• YES! Yours was one of the few blogs I checked that actually had info about Yosemite. That’s how I focused on Mariposa Fairgrounds and also how I learned about how scary Hanta Virus is! I had no idea how deadly it could be. You definitely went at a good time. It’s a whole different ballgame now. I will say Sequoia wasn’t terribly crowded, but yeah, the campground options nearby aren’t great. But… if you’re looking to go rafting, it was a great spot and we had a blast on that trip. As for Kevin, playing Vanna is just one of many of his unpaid blog roles…. he also handles tech support, web design, and does some light editing. Hopefully he never decides to go on strike to demand better pay and working conditions. πŸ™‚

  14. Yosemite is the first National Park I have visited three decades ago since it was only a few hours drive from where we live. Because of its proximity it had become my go to, to take my out of town visitors and long before the shuttle and the crowds. And Steve flew me and our friends over the park and had a different perspective of half dome from above. It is still my fave NP !
    Once again you got a greats eye for capturing its beauty which I never get tired of and through your great pics you brought me back in time when I was in awe of Yosemite!
    If you have not seen the movie documentary Free Solo, I urged you to watch it since you have already been under the shadow of El Capitan, the rock that Alex climbed without a harness.
    What I have not visited though is Sequoia NP and have not done white water rafting. I bet you had a grand time paddling and getting wet.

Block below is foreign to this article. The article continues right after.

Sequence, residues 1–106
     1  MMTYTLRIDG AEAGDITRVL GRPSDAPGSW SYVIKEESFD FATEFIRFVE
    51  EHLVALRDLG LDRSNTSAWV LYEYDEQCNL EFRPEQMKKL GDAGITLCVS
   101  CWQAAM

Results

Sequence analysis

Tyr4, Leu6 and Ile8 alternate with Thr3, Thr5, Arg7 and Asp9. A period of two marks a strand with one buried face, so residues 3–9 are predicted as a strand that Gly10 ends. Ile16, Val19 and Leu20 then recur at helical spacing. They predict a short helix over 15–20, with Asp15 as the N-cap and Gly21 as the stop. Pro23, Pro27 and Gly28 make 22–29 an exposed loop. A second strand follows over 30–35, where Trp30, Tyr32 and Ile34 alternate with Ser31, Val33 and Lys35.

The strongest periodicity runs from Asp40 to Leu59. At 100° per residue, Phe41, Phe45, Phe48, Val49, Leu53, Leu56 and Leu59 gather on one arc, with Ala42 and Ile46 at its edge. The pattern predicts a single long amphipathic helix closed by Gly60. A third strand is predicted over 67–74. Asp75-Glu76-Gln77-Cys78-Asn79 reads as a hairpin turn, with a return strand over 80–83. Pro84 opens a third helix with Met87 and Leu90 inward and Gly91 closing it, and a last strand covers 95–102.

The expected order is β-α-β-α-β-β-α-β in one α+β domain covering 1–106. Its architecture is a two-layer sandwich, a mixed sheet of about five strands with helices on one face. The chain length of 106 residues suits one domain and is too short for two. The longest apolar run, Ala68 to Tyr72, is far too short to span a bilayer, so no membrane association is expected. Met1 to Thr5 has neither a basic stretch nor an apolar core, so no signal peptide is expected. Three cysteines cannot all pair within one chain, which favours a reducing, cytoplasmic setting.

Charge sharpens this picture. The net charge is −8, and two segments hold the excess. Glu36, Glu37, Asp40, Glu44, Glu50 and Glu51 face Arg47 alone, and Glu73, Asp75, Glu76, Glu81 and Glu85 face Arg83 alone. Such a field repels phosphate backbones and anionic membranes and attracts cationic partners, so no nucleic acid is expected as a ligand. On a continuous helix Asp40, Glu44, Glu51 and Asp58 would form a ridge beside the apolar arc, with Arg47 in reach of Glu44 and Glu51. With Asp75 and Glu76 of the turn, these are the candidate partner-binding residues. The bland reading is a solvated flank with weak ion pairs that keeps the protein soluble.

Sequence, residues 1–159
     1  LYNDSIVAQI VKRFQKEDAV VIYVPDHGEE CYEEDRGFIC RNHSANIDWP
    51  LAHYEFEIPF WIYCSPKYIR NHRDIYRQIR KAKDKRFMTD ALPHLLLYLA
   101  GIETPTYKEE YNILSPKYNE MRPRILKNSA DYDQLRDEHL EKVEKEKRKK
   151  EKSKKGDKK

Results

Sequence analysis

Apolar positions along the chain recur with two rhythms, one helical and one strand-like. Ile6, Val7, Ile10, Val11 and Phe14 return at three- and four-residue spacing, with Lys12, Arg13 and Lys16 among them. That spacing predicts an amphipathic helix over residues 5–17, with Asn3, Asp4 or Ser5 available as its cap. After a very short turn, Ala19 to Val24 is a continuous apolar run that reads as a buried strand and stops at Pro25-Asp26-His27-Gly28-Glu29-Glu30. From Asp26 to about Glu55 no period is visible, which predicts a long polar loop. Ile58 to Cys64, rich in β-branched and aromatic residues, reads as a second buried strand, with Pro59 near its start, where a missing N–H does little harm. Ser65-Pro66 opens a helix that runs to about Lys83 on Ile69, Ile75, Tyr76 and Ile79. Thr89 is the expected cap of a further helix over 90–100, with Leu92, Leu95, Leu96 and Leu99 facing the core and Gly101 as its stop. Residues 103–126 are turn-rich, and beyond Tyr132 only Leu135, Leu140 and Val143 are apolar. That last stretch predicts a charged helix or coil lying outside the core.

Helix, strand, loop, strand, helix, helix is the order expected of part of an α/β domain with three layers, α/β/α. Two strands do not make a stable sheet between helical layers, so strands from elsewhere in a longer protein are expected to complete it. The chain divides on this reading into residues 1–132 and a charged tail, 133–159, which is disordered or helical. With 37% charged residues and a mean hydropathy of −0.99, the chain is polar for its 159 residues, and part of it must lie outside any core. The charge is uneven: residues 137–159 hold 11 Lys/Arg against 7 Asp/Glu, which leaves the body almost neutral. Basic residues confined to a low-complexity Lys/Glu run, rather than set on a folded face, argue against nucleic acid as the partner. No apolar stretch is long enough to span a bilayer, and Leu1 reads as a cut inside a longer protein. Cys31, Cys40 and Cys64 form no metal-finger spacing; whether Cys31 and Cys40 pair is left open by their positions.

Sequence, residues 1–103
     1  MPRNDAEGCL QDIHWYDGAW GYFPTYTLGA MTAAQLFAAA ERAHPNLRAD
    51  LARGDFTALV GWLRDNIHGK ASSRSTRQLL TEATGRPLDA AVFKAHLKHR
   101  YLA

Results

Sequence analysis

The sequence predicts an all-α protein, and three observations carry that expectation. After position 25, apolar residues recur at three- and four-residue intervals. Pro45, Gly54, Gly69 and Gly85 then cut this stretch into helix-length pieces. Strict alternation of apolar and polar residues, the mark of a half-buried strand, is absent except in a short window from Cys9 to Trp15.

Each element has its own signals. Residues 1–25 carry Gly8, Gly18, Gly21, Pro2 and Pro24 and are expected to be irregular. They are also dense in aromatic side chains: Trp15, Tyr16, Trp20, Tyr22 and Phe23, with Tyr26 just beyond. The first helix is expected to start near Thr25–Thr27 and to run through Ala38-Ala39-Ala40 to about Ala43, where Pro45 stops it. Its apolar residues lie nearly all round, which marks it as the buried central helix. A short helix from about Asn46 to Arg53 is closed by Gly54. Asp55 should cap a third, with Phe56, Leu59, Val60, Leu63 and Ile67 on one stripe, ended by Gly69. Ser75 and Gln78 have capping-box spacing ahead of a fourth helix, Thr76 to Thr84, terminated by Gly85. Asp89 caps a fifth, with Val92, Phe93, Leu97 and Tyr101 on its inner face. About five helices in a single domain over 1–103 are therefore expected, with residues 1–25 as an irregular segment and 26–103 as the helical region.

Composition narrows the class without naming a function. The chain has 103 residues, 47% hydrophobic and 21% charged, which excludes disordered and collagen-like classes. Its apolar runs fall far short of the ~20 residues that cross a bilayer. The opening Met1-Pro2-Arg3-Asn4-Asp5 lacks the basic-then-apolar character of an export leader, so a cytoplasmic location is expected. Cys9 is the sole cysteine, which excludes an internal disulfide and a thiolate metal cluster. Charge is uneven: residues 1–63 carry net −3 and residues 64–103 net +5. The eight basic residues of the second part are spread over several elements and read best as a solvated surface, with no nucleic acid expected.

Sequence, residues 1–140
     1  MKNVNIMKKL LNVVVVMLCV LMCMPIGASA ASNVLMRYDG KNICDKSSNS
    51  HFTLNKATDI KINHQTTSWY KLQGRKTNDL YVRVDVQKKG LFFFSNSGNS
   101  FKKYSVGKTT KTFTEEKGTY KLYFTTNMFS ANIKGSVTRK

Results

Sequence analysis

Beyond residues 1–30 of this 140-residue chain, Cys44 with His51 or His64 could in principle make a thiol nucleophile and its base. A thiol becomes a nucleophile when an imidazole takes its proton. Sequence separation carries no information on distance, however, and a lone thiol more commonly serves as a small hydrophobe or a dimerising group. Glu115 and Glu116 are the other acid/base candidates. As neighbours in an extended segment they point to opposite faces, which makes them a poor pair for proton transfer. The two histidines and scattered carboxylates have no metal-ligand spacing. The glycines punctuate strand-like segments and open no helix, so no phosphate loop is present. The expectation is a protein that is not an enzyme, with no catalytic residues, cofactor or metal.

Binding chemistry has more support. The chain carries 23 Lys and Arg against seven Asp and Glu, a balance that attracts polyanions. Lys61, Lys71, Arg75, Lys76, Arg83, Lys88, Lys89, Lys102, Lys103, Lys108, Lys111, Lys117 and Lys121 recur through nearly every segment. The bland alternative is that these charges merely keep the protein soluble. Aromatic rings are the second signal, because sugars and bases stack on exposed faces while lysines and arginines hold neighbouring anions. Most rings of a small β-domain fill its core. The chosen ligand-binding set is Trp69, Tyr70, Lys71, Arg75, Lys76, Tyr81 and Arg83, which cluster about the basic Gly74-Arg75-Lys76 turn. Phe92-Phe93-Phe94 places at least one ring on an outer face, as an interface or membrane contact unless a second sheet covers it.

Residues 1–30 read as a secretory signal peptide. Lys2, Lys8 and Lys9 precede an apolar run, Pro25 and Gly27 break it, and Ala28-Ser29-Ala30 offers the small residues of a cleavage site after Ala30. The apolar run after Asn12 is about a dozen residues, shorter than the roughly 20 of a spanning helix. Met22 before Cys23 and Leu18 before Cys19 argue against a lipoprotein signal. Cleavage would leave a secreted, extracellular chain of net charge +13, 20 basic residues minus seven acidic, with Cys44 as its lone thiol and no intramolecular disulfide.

• Hi Mona Liza! I am very jealous that you were able to visit Yosemite frequently when you lived in California. What an awesome park to have in your backyard. And to get to fly over it? Wow! I can only imagine how cool that must have been. I actually read some articles recently about Alex Hannold and his climbing, but I haven’t seen the movie. We’ll have to watch it. That guy is crazy. I can’t imagine someone climbing El Capitan WITH a rope much less without any equipment at all. How crazy! Sequoia is definitely worth a visit. Maybe next time you guys head into California, you can stop by. The trees are truly incredible.

  15. Thank you for the great information on these parks! We haven’t gotten to California yet….but hopefully someday. I am so glad you learned about the handheld remote starter and am definitely going to put this on my list of things to check out. I am very impressed with your picture of the mountains reflected in the still lake given that you are not an early bird. lol Every time we come close to getting those types of great shots it’s early in the morning or the wind starts blowing and ruins the reflection.